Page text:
Living Rent Campaign: Scotland’s housing is “killing people”


The Living Rent Campaign believes Scotland’s housing crisis requires drastic changes to policy

A HOMELESSNESS CRISIS, unaffordable rent, squalid conditions, damp, leaks, drafts and mould. This is the state of housing in Scotland 2015, and the Living Rent campaign seeks to change it.

The number of impoverished households in the private rental sector has doubled in the last decade, yet the number in social housing has nearly halved. On average, private renters in Scotland spend a staggering 23 per cent of their income on housing. Moreover, in line with the cutbacks agenda, the number of families in the private rental sector reliant on housing benefit has increased from 60,000 in 2008 to 97,000 in 2013.

The Living Rent Campaign initially came together in 2014 to submit key aims in response the Scottish Government’s forthcoming housing consultations.

The Living Rent Campaign wants to see short leases replaced with indefinite tenancies and measures put in place to protect vulnerable tenants against eviction. The group also calls for the introduction of a cap on rent prices, a policy excercised by most other European countries.

“Damp flats, drafty houses and bug infestations are not just an inconvenience. They are killing people.” Gordon Maloney, Living Rent Campaign

“We treat housing as if it’s separate to people’s health. In the last 40 years, housing in Britain has become a commodity to be traded,” Living Rent organiser Gordon Maloney tells CommonSpace.

“Damp flats, drafty houses and bug infestations are not just an inconvenience. They are killing people. In any other situation where a business worth billions in assets was killing people, we would be up in arms. This is a social issue.”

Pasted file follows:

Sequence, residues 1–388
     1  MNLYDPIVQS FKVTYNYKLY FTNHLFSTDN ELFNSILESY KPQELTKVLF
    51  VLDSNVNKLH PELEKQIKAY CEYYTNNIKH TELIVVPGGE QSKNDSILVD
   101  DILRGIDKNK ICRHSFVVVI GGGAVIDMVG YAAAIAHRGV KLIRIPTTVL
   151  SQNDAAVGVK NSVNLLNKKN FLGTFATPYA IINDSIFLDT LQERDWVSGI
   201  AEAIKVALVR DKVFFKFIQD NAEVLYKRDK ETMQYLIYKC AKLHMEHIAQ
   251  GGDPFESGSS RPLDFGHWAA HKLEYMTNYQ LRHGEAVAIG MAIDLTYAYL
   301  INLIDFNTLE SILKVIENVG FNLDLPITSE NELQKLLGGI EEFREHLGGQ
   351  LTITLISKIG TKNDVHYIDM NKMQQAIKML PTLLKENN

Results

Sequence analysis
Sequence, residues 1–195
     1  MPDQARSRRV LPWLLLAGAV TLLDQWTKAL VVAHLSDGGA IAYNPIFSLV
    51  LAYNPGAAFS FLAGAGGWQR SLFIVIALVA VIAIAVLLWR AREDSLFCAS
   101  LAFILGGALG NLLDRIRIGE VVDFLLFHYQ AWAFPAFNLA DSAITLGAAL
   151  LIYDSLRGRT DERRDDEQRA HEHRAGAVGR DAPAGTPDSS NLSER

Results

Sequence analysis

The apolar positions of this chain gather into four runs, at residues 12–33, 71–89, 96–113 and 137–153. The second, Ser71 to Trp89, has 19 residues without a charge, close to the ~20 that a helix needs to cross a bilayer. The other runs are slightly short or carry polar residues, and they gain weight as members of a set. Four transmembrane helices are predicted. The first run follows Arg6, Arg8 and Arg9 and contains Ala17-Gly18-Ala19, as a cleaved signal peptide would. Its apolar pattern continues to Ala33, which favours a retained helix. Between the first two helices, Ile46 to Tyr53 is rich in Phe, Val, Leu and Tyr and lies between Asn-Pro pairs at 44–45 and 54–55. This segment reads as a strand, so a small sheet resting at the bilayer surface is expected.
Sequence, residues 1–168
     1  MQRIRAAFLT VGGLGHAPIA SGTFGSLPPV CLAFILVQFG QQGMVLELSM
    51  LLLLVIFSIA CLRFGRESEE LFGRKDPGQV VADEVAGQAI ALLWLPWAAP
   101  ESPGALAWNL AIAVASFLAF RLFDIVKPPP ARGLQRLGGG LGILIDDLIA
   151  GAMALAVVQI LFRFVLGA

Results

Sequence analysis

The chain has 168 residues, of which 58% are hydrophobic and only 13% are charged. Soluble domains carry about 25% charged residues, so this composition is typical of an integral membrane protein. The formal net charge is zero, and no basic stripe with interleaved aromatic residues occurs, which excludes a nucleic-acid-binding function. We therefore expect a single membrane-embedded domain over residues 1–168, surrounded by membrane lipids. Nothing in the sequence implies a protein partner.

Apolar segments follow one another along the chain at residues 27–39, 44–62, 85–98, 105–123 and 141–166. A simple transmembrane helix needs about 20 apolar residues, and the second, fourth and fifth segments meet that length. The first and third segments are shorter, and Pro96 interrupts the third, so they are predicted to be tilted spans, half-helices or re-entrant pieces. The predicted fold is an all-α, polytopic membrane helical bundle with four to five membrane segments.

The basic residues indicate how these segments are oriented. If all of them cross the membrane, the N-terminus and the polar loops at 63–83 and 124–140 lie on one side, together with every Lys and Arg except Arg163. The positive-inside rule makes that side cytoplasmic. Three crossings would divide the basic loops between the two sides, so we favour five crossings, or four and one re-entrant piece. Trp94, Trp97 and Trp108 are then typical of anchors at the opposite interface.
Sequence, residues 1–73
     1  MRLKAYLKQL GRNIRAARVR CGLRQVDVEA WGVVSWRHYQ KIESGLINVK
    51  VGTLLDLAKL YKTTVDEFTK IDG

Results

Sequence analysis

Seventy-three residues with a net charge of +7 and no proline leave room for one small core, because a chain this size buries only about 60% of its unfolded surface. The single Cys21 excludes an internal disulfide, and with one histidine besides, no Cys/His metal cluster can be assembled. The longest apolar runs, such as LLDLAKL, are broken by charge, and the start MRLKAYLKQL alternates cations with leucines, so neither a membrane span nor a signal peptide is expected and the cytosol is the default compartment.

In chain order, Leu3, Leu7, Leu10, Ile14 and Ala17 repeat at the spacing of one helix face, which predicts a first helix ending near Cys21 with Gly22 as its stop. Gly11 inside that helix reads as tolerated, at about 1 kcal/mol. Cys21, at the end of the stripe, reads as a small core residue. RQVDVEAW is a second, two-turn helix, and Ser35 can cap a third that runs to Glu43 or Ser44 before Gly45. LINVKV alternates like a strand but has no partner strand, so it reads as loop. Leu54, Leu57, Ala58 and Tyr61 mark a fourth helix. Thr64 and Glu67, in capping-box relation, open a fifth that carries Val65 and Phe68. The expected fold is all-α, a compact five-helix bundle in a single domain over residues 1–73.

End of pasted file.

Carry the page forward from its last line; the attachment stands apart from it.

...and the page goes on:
Living Rent is now a national campaign, with an established board and links to organisations and trade unions. It now has grassroots groups scattered around Scotland, and has established local and international networks.

“Living Rent is not just about consultations, but about raising awareness. It’s about making people aware that they can instigate change through Holyrood,” says fellow organiser Harriet Protheroe-Davis

Another of the group, Alasdair Clark, explains: “Before this campaign had started, few were familiar with the idea of rent controls. The voices that dominated housing issues were predominantly landlords. People need to understand that rent controls and just housing policy is logical, and a failure to adhere to these concerns should be condemned.”

“This is a class-based campaign… We cannot ignore this.” Harriet Protheroe-Davis, Living Rent Campaign

Since the beginning of the campaign, Living Rent has had a positive response across the board. Clarke, however, is quick to point out that it is easier to get support from parties who are not in government, and who probably will not be in government for a long time.

He adds that that despite many in the SNP supporting the cause, from Mhairi Black to Tommy Shepard, as the party of government, the SNP is expected to take longer to commit.

In terms of the long-term goals of Living Rent, organisers are keen to stress that the be all and end all of the campaign is not rent controls alone, but a wider change to the nature of the relationship between tenants and landlords. Maloney cites Sweden as an example of progressive housing policy, where tenants can negotiate rent in line with their requirements.

According to Clark, the conversation around housing and its problems was boosted by the Scottish independence referendum campaign, which dramatically increased political engagement across the board.

“We’ve seen incredible campaigns happening in England around housing rights. In Scotland, there wasn’t the same drive to change it. But during the referendum, social justice issues dominated. Post referendum, there was an opportunity to instigate these campaigns,” he says.

Protheroe-Davis adds: “This is a class-based campaign. Despite the financial market being key to the recession, housing continues to be interfered by markets at a time of desperate housing shortages. We cannot ignore this.”

From Mary Barbour and the direct action taken during the Red Clydeside era to Jimmy Reid’s Declaration of Intent protesting the implementation of the Rent Act, Scotland has a longstanding history of resistance to housing injustice.

Yet 100 years on, and it would seem that many of the today’s problems with housing mirror those of the past.

Picture courtesy of the Living Rent Campaign .